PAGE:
I carried a lot of fear into a recently completed five-day canoe trip in the Florida Everglades. Particularly of alligators and pythons, which reportedly lurked throughout the endless mangrove wilderness. Thankfully, they never showed up.
The anticipatory fear dissipated almost as soon as we hit the water. The reality of the situation, and direct engagement with the environment, dissolved my overblown projections.
Our group of five did see a skittering crocodile, some shark fins, surfacing dolphins, a leaping manta ray, a few sea turtles, and countless birds. What we couldn’t see were the no see-ums, nearly invisible insects which swarmed and feasted over any exposed body part. Their intrusion was mitigated by the mosquito net suits we all wore, and the insect repellent we applied. But their persistence and perniciousness still nearly drove us all to distraction.
There were several moments of concern and caution during the Everglades sojourn, which arose when the combination of wind, waves and tide made paddling nearly impossible. But that which generated fear was right there in front of me. I could see it, and confront it; and its measure was much more manageable than the fear I brought on the trip with me.
I am writing this post three days after the midterm elections. The balance of power between Republican and Democrats in Congress has yet to be officially determined. But the fear that most of us carried into the election has not been borne out in the election results. A Red tsunami did not materialize. The fear that Republicans carried into November 8 was anchored in a worry that Democratic dominance would bring about more government intrusion into privacy, abandon morality, and usher in socialism. Democrats were fearful, should Republicans gain a dominant posture, of an escalation of autocracy, a refutation of truth and the proliferation of lies. Both sides were worried about the future of democracy.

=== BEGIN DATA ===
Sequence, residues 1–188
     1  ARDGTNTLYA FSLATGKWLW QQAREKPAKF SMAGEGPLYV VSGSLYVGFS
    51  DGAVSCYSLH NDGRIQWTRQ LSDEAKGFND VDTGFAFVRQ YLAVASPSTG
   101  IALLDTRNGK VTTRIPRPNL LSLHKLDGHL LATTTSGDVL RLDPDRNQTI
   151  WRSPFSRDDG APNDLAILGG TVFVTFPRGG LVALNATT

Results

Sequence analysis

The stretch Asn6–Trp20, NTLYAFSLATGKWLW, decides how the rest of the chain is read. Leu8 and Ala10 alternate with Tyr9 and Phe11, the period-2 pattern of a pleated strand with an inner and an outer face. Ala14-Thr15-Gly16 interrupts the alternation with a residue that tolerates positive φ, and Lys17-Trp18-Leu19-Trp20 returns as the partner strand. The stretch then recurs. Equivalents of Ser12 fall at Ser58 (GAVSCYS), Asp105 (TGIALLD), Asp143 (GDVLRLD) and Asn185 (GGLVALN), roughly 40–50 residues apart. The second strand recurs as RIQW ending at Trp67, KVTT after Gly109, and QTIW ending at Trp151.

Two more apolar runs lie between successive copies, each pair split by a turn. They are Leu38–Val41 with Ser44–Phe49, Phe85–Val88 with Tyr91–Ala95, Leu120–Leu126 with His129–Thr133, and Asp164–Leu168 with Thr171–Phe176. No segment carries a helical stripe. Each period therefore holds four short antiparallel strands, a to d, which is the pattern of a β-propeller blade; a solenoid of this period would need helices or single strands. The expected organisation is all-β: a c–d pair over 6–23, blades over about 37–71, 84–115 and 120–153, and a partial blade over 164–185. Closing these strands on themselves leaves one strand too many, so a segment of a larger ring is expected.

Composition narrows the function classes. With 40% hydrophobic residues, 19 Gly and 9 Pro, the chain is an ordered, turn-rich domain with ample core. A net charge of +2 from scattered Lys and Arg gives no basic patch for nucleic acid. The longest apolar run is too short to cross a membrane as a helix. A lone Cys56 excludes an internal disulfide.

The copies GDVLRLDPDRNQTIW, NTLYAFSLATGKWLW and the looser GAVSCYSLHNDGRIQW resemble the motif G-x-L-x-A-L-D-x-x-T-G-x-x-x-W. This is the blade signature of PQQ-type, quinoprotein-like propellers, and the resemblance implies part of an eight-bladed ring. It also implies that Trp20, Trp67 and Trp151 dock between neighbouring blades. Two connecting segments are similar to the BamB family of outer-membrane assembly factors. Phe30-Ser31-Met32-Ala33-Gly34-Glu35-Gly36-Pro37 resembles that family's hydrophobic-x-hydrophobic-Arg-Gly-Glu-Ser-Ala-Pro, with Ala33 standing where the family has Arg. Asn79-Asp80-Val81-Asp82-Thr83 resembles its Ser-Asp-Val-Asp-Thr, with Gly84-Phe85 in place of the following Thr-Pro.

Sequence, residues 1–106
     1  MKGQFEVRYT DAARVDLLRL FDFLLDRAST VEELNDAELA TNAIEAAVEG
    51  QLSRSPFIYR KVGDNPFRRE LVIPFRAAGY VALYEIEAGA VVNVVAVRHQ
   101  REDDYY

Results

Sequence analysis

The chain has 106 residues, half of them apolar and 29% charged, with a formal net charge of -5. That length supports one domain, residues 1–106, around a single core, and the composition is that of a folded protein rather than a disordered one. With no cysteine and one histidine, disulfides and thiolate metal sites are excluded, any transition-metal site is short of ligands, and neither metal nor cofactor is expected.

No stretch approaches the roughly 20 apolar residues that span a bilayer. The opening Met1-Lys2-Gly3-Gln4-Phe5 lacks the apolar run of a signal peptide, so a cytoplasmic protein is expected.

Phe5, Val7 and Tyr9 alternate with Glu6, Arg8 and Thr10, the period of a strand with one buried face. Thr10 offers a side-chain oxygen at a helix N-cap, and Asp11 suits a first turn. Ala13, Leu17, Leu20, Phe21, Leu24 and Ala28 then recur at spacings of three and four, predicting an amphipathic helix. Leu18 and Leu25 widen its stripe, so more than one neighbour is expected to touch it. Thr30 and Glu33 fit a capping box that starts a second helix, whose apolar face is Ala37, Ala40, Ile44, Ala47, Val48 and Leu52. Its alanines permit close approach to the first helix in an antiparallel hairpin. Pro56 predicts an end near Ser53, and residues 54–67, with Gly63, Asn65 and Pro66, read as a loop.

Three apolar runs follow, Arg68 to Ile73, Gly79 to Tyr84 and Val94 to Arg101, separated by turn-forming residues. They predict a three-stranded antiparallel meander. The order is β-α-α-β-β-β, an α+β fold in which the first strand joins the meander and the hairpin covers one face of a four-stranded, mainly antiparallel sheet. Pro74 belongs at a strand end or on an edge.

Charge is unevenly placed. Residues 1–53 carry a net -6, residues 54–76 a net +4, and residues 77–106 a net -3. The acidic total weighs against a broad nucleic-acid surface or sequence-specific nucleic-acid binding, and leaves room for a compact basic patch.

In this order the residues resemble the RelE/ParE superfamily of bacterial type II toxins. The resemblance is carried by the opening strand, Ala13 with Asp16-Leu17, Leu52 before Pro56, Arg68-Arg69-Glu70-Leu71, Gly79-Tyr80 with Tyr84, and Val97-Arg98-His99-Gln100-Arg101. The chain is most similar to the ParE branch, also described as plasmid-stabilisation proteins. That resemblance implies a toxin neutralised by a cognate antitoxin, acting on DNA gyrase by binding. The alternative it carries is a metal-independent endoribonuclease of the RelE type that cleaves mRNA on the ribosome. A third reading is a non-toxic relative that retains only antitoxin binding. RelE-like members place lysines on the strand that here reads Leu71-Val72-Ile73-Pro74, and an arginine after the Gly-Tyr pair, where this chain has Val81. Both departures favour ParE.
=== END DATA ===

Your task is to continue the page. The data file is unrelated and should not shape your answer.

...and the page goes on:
There is indeed a need for concern and caution as we proceed as a Republic. Our democracy still feels fragile. But as I learned on my sojourn in the Everglades, anticipatory fear can generate projections that are out of whack with reality. In our polarized political environment, there are forces and voices that get a lot of air (and stream) time that ramp up anticipatory fear — to the degree that we can easily dismiss one another. Fear does create energy, which is what those forces and voices are eager to generate, but it is ultimately disempowering.
The winds and waves of distrust are real. We can see that. Most of us can feel that. Keeping our distance from one another just makes it worse.
“The only thing we have to fear is fear itself”, President Franklin Delano Roosevelt spoke to the country in his 1933 Inaugural Address, at the peak of the Great Depression. His was not just a sound byte. Fear is stronger when it is anticipatory and undifferentiated. Fear eases when we confront that which we fear. When we face it straight on. “Fear not”, Jesus is recorded to have said — more than once.
Our postelection journey gives us the opportunity to move beyond our anticipatory fear — and build some relationships across difference; to listen with a more open mind — and to engage the heart in new ways.
The prevailing political culture says this is all a fool’s errand and a profound waste of time. In my experience, such an attitude is a very short step toward demonization.
Yes, it is important to be cautious. Yes, we need to be concerned. And most importantly, we need to dissect our webs of fear. The alligators that we are afraid might swallow us, and the pythons that we are afraid might squeeze life out of us, may not be lurking out there after all.